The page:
At this point, it’s been over 2 months since the Hex Kickstarter ended, and in that time we’ve been given quite a lot of new information. On top of that, this weekend is GenCon, a major event in Hex’s pre-launch promotion – it’s the first major event at which Hex is playable, and one of the higher Kickstarter tiers included an invite to an exclusive dinner with the Cryptozoic team (more on that later!) Anyway, today I’m going to look at some of the stuff we’ve learnt over the last couple of months and take a look at what we can expect for the future.
Friday Hex Updates
Casual Hex was started a few days after the Kickstarter ended, and since then the official Hex website has updated every Friday night (or afternoon/morning depending on your time zone!) From those updates we’ve seen art, all of the PvP Champions for both the Underworld and Ardent factions, interviews and a whole bunch of card reveals.
The Royal Falconer was revealed just yesterday, and I’m a fan of it personally though it’s had a mixed reaction from the general community. By itself it may not look like much, a 2/2 and a couple of Royal Falcons for 6 resources, but since the falcons gain the ATT of the Falconer troops like the Ruby Pyromancer and actions like Evolve become a lot more effective – a single Pyromancer will give both of your Falcons 5ATT, and since they have flight that makes them a pretty big threat. Obviously the fact that the falcons only have 1 DEF, or the possibility that you won’t have a Ruby Pyromancer (or whatever other card you are using for that purpose) puts a lot of people off of this card, but if I saw it in a booster I’d be pretty happy.
The Royal Falconer is obviously just one of the many cards we’ve had revealed – with an average of 2 new cards a week on top of all the other cards we’ve had revealed to us means there has been plenty to talk about, despite what some nay-sayers would have you believe. Some of my personal favourites are the Wrathwood Colossus, the Genesis Hydra and the Endbringer – I’m a fan of big smashy monsters if you hadn’t guessed! Not that smaller, more tactical creatures like the Bombsmith and the Living Totem are without their charm, of course! As of this weekend, we’ve seen about 270 of the cards that Hex set 1 has to offer, and since we learned from the games CZE streamed a couple of weeks ago that the first set contains 411 cards (including token cards, it would seem) we’ve still got plenty left to see!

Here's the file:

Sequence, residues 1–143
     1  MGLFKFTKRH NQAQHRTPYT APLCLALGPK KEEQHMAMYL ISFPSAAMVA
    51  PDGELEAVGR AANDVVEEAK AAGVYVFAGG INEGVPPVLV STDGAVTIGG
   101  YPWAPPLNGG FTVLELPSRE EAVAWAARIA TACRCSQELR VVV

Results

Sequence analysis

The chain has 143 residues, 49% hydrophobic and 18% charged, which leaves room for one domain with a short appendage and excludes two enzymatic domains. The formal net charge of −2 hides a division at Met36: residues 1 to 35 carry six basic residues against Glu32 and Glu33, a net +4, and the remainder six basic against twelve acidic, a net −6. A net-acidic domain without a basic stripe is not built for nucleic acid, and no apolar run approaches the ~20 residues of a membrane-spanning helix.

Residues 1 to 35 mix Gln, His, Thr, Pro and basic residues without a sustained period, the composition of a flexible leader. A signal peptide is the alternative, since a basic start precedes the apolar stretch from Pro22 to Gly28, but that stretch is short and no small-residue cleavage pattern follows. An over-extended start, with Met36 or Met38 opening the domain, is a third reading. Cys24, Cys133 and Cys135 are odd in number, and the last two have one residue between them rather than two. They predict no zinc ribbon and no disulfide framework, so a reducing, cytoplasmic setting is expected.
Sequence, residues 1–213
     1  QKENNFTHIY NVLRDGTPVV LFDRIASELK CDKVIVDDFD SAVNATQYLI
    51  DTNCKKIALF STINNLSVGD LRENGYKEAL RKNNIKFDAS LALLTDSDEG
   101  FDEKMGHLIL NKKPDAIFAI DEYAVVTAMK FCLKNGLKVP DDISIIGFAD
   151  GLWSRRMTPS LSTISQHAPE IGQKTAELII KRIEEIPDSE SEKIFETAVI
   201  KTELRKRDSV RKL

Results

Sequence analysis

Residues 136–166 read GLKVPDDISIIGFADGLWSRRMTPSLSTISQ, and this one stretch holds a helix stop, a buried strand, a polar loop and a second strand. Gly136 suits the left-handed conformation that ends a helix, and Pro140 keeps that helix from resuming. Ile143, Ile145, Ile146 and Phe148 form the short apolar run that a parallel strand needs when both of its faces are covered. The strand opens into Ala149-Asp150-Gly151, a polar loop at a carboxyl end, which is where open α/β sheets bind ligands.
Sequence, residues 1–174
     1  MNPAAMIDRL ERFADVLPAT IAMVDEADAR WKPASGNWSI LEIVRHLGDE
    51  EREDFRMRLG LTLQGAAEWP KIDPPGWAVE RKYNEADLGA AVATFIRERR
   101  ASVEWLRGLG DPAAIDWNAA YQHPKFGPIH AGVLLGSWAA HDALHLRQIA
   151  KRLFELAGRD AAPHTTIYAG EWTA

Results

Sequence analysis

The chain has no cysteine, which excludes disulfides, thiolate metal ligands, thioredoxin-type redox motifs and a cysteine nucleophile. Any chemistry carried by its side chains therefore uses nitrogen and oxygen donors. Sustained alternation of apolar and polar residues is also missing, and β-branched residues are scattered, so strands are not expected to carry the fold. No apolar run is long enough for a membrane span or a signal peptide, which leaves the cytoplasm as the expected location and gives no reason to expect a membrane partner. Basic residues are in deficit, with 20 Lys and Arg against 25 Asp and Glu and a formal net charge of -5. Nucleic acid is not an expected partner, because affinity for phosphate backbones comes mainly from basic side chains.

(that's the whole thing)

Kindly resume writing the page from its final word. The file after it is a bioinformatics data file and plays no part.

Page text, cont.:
Hex at GenCon
As I mentioned earlier, this weekend is GenCon, one of the biggest conventions going for gaming and general nerdery, and Cryptozoic is there with Hex! This is the first time that Hex is available for the public at large to play and the feedback has apparently been incredibly positive, with lines of 200 or more people queueing up to play – no small feat, considering the variety of wonders available at the convention.
As you would expect, a good number of Hex community members have swarmed to GenCon for the chance to play Hex and talk to the Cryptozoic team (I wasn’t able to make it, but I’m not jealous. Nope.) In light of this there’s been quite a bit of information given out. Colin over at Hex Vault has a great interview with Cory Jones recorded directly at the con (so the background is a little noisy – it’s perfectly clear but Colin says he’ll try and clean it up after the con has ended) and it’s a good listen, as most interviews with Cory are, as it’s always interesting listening to him talk about Hex.
McKizz has a new site launched just this weekend, Hex Informer, and along with an introductory podcast he has a few great photos of the Hex gaming area, and a few people have snapped pics of previously unseen cards – the Feral Ogre and Wild Child, along with some cards that have been renamed and given new art, which you can see here! By far the biggest reveal so far though is of a Set 2 card!
Zeedu, the Sapphire Dragon! Long-time readers will know that I’m a big fan of dragons, and I’ve speculated briefly on the existence of a Zeedu card in the past based on a mention on one of the Hex story pages, and the reality certainly doesn’t disappoint. As I mentioned, this is card from Set 2 (so don’t bother looking for it in the upcoming alpha and beta), and was revealed to the people who backed Hex at the Dragon Lord tier or higher and were able to attend the special invite-only dinner with the Cryptozoic team at GenCon – a pretty select group, no doubt! Anyway, one of the goodies they were given is a USB drive that contained the above art for Zeedu, and they kindly shared it with the world. So thanks, Dragon Lord backers, and thanks Cryptozoic!